The mortgage of the week bears the acronym SAM.

Like so many of its predecessors -- variable rate mortgage (VRM), renegotiable rate mortgage (RRM), adjustable rate mortgage (ARM), reverse annuity mortgage (RAM) and graduated payment mortgage (GPM) -- the shared appreciation mortgage, proposed this week by the Federal Home Loan Bank Board, is an alternative to the conventional fixed-payment home loan.

Unlike the many others conceived recently as remedies for soaring money costs, SAM involves apportioning the equity in a house rather than jiggling interest rates.

First introduced by Advance Mortgage Corp., the SAM concept offers the borrower a below-market interest rate. In exchange, the borrower agrees to pay the lender a specified share of the increased value of the house after a certain time.

The maximum percentage of equity the borrower could demand would be 40 percent, presumably in return for a 40 percent cut in the mortgage rate.

The loan has fixed rate payments calculated on a 30 or 40-year maturity schedule.

Appreciation would be based on the net sales price minus any improvements made by the homeowner.

The bank board proposes to make the payment due when the house is sold or after 10 years, whichever comes first. If the house is not sold, the current market value of the property would be determined by appraisal. After the payment, the lender is obliged to finance the house.

If the property does not appreciate, the lender receives only the principal and interest due on the loan. If the property depreciates, the lender does not share in the loss and still receives interest and principal.

With conventional fixed-rate mortgages, the lender absorbs the risk that money costs will rise higher than the interest rate on the loan, but the new alternative variable rate mortgages pass the risks to the borrower.

SAM, however, shares the risk between lender and borrower. Since this concept is being pushed by the industry, it is not difficult to understand who assumes the greater risk.

SAM benefits the borrower by reducing monthly mortgage payments to affordable size, especially in the case of a first-time buyer. In exchange, the borrower renounces a portion of his or her greatest hedge against inflation, increasing equity in a home. The lender, who is unlikely to offer a SAM in a neighborhood that is declining, runs little risk of the property not appreciating, given historical trends and predicted shortgages in future markets.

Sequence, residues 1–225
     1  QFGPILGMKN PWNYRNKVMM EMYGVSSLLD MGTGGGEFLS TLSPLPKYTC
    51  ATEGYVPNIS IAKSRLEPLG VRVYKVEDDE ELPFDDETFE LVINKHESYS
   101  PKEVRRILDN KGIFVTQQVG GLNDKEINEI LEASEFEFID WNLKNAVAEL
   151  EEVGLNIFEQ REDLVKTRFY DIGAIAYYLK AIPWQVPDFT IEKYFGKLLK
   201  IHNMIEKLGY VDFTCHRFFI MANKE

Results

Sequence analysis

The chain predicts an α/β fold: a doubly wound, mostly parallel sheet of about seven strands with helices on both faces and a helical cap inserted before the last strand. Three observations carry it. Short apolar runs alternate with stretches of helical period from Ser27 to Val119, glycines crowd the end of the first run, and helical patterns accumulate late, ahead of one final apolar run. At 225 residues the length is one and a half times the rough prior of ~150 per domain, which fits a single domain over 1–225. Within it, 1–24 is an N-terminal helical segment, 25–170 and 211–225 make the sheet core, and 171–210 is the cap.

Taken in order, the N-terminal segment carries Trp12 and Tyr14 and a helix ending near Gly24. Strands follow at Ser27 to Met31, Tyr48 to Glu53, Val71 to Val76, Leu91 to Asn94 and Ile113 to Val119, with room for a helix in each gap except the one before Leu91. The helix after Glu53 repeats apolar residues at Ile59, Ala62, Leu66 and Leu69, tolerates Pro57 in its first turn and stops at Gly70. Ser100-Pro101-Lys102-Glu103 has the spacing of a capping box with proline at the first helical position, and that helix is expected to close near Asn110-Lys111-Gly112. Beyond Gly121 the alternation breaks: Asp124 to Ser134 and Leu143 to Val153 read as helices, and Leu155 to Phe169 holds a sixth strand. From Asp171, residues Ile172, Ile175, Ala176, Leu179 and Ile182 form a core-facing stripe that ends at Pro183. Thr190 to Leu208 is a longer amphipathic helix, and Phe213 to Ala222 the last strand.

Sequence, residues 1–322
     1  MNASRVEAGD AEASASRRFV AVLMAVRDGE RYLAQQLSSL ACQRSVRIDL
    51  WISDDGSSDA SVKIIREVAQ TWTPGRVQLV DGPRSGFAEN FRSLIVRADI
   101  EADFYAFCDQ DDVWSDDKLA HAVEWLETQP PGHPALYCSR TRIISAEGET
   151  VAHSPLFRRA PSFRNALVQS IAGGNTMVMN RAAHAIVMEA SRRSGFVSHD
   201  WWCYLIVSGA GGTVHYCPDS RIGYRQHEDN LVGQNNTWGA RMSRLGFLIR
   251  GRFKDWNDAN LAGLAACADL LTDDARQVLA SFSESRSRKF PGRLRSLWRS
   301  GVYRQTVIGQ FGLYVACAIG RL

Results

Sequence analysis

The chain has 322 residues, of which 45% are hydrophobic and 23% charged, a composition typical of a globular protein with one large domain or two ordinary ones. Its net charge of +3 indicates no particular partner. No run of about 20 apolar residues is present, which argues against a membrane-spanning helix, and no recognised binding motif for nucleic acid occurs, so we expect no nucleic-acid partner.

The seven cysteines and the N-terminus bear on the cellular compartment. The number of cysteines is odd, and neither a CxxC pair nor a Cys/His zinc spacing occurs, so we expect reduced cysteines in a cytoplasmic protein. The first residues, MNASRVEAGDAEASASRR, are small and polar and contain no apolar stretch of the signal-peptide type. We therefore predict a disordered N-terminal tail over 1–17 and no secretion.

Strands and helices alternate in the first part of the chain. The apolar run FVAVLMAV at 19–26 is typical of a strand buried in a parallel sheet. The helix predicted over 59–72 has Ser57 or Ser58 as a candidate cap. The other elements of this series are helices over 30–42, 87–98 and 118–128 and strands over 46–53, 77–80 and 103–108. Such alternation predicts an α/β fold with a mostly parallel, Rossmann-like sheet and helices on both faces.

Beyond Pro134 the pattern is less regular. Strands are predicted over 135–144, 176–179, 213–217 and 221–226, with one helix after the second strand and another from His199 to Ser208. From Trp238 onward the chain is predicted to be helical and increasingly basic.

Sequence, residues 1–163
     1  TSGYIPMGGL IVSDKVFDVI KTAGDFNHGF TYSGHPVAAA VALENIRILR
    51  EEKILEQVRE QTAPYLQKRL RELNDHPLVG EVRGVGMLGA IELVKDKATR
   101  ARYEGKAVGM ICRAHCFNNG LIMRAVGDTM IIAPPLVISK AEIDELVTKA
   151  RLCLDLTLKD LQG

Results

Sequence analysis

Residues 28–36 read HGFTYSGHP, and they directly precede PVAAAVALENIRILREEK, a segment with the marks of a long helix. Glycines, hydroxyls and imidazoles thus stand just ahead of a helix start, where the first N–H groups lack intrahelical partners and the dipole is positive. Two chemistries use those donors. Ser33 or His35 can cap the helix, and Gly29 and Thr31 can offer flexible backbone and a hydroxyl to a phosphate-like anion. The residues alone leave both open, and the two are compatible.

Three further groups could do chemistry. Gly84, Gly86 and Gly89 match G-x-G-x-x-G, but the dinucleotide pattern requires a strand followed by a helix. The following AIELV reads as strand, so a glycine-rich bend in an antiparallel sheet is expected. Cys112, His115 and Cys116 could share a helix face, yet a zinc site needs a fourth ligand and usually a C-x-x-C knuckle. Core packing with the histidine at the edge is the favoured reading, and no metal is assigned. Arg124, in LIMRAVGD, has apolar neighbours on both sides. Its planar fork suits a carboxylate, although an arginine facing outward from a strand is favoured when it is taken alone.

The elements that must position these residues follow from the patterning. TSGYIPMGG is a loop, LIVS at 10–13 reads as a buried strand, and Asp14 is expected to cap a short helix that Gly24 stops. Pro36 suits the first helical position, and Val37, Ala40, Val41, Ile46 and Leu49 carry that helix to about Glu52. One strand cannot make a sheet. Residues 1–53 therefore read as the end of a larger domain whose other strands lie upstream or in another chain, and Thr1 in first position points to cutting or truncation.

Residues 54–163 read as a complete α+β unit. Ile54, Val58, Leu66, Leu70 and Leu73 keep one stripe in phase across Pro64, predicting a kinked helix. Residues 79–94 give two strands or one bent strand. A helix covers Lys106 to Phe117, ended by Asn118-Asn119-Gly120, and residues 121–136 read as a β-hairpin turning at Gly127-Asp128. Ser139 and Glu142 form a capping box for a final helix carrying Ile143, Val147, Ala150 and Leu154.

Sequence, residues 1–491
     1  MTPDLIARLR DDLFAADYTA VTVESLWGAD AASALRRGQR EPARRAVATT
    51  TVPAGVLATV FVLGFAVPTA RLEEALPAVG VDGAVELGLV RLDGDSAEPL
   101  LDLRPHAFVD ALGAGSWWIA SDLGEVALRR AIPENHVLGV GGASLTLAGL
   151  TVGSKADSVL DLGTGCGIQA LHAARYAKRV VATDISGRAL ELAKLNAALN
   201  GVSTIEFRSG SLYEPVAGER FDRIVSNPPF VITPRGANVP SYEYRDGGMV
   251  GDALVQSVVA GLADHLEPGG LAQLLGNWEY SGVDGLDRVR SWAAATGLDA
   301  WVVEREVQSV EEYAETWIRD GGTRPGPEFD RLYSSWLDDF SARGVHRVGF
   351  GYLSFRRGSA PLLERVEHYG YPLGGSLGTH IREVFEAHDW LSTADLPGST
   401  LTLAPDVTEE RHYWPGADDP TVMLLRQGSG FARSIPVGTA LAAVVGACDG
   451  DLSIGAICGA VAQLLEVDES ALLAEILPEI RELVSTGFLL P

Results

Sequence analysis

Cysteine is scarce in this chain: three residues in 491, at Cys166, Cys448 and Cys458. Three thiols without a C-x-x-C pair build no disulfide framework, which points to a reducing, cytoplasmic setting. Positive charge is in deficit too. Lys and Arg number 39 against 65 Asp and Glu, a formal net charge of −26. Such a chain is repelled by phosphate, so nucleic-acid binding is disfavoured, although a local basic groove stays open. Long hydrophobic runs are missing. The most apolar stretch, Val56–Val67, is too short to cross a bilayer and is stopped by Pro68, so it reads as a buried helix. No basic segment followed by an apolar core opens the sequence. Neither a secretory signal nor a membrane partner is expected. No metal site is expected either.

If the buyer can afford current market rate interest payments, SAM is probably not a good deal -- unless he or she plans to own the house only a short time. In such an event, what the buyer saves on interest payments could exceed the lender's share of the appreication.

The bank board worked out a series of assumptions on a $60,000 SAM loan at 9 percent -- one-third below a 13 percent market rate. The borrower saves $2,400 a year on interest payments.

If the $75,000 property appreciates at 10 percent a year, it will have a value of $90,750 in two years. After sale, the lender's one-third share of the net appreciation would amount to $5,250. At the same time, the borrower would have saved $4,800 in interest payments, so borrower and lender come out just about even. If the sale were made after six years, the lender would get $19,289 and the borrower would have saved $14,400, a net "loss" to the borrower of $4,889.

The borrower's "losses" mount as the average annual rate of increase in the value of the property rises. At 14 percent appreciation, the lender would get $29,874 after six years; the borrower would have saved $14,400, for a net "loss" of equity of $15,474. After 10 years, the "loss" would be $43,680.

The borrower's uncollected equity is not really quite the loss it would seem, since the borrower realizes his or her savings monthly. The lender also does not get his or her profit until years later. Also, the lender's rate of return on the loan will have decreased slightly as the principal is paid off.

There are as many variables possible in the equation as there are shifts in the rate of appreciation, the lender's share of it, the length of time the house is owned, and so on. The lender should provide a full disclosure statement for the borrower showing the variables. But in general, the borrower should realize that the higher the appreciation rate -- and Washington has a high average -- the lower the lender's contracted share should be to make the arrangement more equitable.

The public may send comments on the proposal to the bank board. the deadline for submitting them is Dec. 1.